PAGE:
Tongwynlais railway station was opened in March 1911 but only operated for 20 years. It was closed in July 1931 and converted into a private house. Mrs Hagget and her son Graham lived there until its demolition in 1969.
There are several photos of the station in various local history books. Most of these are from after the station closed to passengers. I’ve been sent some better quality images so I thought it was time to share these, show what the station looked like and where it was.
Location and Layout
“The Cardiff Railway” by Eric R. Mountford (1987) is an excellent resource and describes the long and difficult history of the railway. It also includes the layout of the station from 1921.
The value “3m 60c” is the distance of the bridge from the Heath Junction. It’s short for 3 miles and 60 chains. (A “chain” was used as a measurement by surveyors and is equal to 66 feet or roughly 20 metres.) The location of railway features, such as bridges and stations, were identified by this system. The station itself is noted as 3m 63c elsewhere in the book.
The National Library of Scotland have a really useful tool that lets you compare historical with modern maps. I used the OS 1937-61 map and the layout to show where the station was located. The map doesn’t include enough detail so see the station’s buildings, platforms or siding. Superimposing the layout on a modern map shows the approximate size of the station. (The layout doesn’t claim to be to scale so it may not be completely accurate.) The main station building looks about the right size compared to other buildings on the map.
The map is based on data from OpenStreetMap contributors.
Historian and author Stephen Rowson was kind enough to send me scans from Ian Wright’s photo collection. These include one of the images I’ve seen before and some new ones. I’m indebted to Stephen and Ian for their kindness in providing these fantastic views into the village’s past.
I’ve spent some time cleaning up and restoring the scans to bring them back to their original quality.
This photo, from 16th September 1949, was taken nearly 20 years after the station was closed. The track was used in the 1940s to service the Nantgarw Colliery but, without passenger trains, the station wasn’t reopened. The section was finally closed in 1952.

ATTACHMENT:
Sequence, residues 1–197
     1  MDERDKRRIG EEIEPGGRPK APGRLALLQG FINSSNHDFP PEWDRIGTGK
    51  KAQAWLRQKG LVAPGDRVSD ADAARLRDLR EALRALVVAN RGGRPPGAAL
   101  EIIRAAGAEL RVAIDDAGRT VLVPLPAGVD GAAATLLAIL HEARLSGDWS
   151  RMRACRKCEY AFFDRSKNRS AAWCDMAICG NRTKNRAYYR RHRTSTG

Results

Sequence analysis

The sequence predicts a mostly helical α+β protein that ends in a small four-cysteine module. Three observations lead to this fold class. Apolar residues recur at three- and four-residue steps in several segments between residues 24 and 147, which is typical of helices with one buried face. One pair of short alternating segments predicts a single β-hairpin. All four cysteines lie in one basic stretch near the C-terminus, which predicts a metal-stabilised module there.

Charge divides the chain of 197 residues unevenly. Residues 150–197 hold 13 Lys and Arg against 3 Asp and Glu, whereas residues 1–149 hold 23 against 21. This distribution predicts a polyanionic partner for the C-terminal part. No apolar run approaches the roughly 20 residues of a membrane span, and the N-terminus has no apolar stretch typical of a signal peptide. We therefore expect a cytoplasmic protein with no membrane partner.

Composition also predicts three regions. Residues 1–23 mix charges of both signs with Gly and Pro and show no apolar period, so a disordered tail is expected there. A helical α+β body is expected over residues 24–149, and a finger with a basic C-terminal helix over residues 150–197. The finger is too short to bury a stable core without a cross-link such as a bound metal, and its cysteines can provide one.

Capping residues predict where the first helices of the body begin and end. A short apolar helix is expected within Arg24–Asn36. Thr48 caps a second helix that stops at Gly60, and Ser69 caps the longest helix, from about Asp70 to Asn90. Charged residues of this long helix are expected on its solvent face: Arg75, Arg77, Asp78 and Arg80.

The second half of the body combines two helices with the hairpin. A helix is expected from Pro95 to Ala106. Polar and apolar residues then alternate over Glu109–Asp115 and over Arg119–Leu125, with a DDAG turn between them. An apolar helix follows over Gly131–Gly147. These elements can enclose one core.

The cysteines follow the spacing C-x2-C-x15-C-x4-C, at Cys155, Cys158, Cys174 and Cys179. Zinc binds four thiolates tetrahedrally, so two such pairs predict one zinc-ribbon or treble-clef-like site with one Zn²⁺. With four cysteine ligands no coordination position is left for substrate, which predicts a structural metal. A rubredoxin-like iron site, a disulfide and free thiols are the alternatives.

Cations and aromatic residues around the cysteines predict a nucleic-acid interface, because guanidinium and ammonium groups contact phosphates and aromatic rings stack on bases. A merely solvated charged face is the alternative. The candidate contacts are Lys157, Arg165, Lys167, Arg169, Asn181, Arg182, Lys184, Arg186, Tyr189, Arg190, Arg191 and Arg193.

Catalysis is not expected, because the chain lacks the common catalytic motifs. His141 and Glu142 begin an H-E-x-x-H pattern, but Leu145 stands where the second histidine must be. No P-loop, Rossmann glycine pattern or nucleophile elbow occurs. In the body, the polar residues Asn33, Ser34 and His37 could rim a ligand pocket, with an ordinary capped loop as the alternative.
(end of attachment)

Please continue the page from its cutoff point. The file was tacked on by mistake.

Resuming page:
This amazing image, taken on the same day, shows the station looking north with Castell Coch in the distance. There’s no evidence of the other platform or bridge.
The locomotive is a Rhymney Railway 0-6-2T type (No. 66), which was popular in South Wales.
The Tongwynlais Tunnel
This is the Tongwynlais tunnel that allowed the railway to pass under the Marquis of Bute’s vineyard at Castell Coch. Eric Mountford notes that, “The thin layer of earth covering the tunnel could easily have been removed to produce yet another cutting.” The 100m tunnel was built in 1906 and reduced to a single track in 1928 before the line was abandoned in 1952 and eventually demolished in 1971 for the A470.
South Wales artist Kris Carter has written an interesting history of the Cardiff Railway which ran through Tongwynlais. There are several articles in the series, starting with the terminus of the line at Rhydfelin Halt. Kris has found some great photos of the old tunnel, which ran underneath the side of the village for about…
In the next instalment of this series, I’ve got some more pictures and information about the station. Do you, or any relatives, have memories of the station or railway? I’d love to hear from you.
- The Ian L Wright Photography Collection
- “Branch Line Byways” by Ian L. Wright (1988)
- “The Cardiff Railway” by Eric R. Mountford (1987)
- “The Tongwynlais, Taff’s Well and Nantgarw Picture Album” by Roger L. Brown (1988)
- Retracing The Cardiff Railway, Part Five: Tongwynlais by Kris Carter